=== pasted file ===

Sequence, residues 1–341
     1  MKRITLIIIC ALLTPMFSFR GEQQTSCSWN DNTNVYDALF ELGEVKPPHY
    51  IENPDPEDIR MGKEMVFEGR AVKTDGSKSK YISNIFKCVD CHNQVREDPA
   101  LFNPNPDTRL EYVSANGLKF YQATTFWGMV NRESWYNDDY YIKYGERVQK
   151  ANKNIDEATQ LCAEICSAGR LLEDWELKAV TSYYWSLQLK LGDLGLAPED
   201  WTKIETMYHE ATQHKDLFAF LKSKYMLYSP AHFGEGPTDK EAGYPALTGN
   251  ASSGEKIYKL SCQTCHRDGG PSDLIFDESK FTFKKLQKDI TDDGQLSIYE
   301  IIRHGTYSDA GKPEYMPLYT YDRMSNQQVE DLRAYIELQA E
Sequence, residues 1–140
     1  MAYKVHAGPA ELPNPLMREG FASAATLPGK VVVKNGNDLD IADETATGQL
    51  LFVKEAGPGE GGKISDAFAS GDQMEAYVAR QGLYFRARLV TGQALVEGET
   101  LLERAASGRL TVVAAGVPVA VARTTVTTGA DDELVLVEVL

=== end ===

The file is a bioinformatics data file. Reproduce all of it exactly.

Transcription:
Sequence, residues 1–341
     1  MKRITLIIIC ALLTPMFSFR GEQQTSCSWN DNTNVYDALF ELGEVKPPHY
    51  IENPDPEDIR MGKEMVFEGR AVKTDGSKSK YISNIFKCVD CHNQVREDPA
   101  LFNPNPDTRL EYVSANGLKF YQATTFWGMV NRESWYNDDY YIKYGERVQK
   151  ANKNIDEATQ LCAEICSAGR LLEDWELKAV TSYYWSLQLK LGDLGLAPED
   201  WTKIETMYHE ATQHKDLFAF LKSKYMLYSP AHFGEGPTDK EAGYPALTGN
   251  ASSGEKIYKL SCQTCHRDGG PSDLIFDESK FTFKKLQKDI TDDGQLSIYE
   301  IIRHGTYSDA GKPEYMPLYT YDRMSNQQVE DLRAYIELQA E
Sequence, residues 1–140
     1  MAYKVHAGPA ELPNPLMREG FASAATLPGK VVVKNGNDLD IADETATGQL
    51  LFVKEAGPGE GGKISDAFAS GDQMEAYVAR QGLYFRARLV TGQALVEGET
   101  LLERAASGRL TVVAAGVPVA VARTTVTTGA DDELVLVEVL